Iron is part of hemoglobin, a protein found in red blood cells that is responsible for carrying oxygen to all the parts of your body. Iron is also a component in many enzymes that are involved in the chemical reactions that occur in your body. Iron is a trace mineral, which means you only needs a small amount every day to avoid an iron deficiency.
Iron is found in both plant and animal-based foods; however, the forms are different. Iron from animals (such as chicken, beef, and fish) is called heme iron, and plant-based iron (such as in lentils, beans, spinach) is non-heme iron.
Adult men need about 8 milligrams (mg) of iron per day, and adult premenopausal women need 18 mg per day. Three ounces of beef contains 3 mg iron and one cup of lentils contains about 9 mg.
Iron Deficiency Symptoms
When you don’t get enough iron, you are at risk for developing iron deficiency anemia, a condition where your red blood cells can’t carry enough oxygen to all the cells in your body. People with iron deficiency anemia may have any of these symptoms:
- Problems with memory and thinking
- Feeling cold
- Red, inflamed tongue
What Causes Iron Deficiency?
Iron deficiency can occur if you don’t eat enough iron-containing foods, or if you have trouble absorbing iron. Most women need more iron than men due to blood loss from menstruation, and pregnant women need more iron for the developing fetus.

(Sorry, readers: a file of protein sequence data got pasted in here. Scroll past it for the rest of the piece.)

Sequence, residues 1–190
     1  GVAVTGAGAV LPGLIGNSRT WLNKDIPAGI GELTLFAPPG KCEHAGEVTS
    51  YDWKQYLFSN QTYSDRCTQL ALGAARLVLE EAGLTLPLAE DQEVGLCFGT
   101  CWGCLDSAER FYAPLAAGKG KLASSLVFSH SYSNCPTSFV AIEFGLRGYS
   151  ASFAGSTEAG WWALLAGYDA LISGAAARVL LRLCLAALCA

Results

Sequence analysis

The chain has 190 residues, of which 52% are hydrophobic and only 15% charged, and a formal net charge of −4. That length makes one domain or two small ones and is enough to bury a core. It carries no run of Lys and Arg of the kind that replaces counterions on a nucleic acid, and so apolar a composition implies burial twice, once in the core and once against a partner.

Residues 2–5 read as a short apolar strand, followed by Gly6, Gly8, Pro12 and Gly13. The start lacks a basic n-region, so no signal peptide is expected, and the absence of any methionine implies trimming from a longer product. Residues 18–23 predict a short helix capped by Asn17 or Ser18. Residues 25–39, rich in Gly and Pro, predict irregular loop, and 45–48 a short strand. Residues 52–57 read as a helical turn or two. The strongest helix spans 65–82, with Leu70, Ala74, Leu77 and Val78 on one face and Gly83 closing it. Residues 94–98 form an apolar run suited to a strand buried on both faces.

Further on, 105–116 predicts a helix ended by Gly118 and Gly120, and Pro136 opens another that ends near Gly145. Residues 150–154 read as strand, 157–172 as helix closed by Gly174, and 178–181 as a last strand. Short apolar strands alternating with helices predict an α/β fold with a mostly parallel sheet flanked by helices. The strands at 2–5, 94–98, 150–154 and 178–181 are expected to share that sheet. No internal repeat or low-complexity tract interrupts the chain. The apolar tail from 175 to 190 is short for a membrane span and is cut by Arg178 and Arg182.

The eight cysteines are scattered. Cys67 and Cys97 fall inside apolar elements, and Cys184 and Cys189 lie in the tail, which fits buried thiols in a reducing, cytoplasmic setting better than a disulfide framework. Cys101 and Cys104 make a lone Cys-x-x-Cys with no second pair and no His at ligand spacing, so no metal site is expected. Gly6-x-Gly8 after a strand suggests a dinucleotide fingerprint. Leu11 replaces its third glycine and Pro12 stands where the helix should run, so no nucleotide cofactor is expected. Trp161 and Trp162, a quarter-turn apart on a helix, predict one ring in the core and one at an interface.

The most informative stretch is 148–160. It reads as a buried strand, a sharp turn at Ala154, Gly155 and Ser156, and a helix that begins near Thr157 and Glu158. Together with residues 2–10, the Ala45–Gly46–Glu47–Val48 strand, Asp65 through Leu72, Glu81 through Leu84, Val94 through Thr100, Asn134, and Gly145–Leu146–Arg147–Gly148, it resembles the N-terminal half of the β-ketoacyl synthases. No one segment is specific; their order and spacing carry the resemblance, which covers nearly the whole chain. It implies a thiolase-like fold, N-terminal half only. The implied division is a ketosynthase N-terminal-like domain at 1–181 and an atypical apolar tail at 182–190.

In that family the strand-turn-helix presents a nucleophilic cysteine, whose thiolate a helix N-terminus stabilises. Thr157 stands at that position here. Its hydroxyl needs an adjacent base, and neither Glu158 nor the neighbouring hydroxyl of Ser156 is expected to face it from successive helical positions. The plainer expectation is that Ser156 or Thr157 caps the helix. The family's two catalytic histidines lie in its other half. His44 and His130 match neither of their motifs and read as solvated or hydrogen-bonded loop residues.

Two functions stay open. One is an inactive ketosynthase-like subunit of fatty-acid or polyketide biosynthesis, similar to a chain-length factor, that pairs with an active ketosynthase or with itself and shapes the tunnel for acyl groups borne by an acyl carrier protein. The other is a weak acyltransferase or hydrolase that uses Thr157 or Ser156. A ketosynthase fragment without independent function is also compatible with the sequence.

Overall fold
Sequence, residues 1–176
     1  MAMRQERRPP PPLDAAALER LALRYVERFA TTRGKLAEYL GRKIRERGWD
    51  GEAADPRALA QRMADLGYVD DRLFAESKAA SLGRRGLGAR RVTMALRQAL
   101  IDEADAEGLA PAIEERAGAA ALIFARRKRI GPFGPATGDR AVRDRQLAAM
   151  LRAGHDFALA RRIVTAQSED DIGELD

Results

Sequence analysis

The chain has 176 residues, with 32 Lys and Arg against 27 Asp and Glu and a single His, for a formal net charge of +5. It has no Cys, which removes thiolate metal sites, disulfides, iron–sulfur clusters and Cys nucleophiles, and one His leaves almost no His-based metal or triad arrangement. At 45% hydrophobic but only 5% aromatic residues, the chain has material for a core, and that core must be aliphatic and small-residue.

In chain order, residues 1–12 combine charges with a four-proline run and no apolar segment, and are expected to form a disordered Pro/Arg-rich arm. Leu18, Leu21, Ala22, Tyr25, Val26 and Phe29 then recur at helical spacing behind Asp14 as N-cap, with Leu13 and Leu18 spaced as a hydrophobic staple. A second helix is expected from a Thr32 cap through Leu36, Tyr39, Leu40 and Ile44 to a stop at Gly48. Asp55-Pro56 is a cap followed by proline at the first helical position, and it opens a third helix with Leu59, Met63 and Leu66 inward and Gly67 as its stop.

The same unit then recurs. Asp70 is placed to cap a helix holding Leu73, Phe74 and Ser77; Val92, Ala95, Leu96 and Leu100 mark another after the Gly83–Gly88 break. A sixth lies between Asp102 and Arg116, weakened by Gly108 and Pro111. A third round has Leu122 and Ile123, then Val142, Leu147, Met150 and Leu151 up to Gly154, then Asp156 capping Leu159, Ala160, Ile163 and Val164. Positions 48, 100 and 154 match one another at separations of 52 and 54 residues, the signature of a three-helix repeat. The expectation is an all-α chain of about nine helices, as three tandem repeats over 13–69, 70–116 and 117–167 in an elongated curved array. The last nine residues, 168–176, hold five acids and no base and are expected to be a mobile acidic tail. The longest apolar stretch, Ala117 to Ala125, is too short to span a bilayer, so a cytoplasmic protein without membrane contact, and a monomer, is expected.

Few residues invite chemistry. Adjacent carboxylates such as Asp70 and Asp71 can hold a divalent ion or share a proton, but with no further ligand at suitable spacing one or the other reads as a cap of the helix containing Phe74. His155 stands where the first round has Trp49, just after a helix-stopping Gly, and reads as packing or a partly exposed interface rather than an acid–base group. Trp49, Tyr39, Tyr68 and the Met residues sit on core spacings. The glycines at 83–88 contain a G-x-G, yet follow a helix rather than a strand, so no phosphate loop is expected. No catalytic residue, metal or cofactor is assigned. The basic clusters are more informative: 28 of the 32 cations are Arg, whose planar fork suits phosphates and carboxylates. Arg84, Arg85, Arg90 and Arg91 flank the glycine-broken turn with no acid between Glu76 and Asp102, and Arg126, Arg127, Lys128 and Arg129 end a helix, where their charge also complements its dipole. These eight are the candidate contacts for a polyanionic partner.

Vegetarians and vegans may be more prone to iron deficiency because the form of iron found in plants (non-heme iron) is not absorbed as well as iron from meat, poultry and fish (heme iron). However, you can increase the amount of non-heme iron absorbed by adding a food rich in vitamin C to your meal (for example, serving beans with green peppers).
If you have iron deficiency symptoms, you should see a health care provider, who can order blood tests to determine if an iron deficiency is the problem or if there are other causes.
Can You Get Too Much Iron?
Eating a healthy diet with plenty of food sources of iron is usually the best and safest way to prevent iron deficiency. Most men and postmenopausal women get enough iron from foods and should not take iron supplements unless prescribed by a health care provider. People who do take iron supplements should not take more than 45 mg/day because amounts higher than that can lead to iron toxicity.
Iron supplements are especially dangerous for people who have hemochromatosis, a condition where iron-overload occurs. Adult iron supplements can quickly become toxic for young children, too, so iron supplements should be kept in tightly-capped, childproof bottles.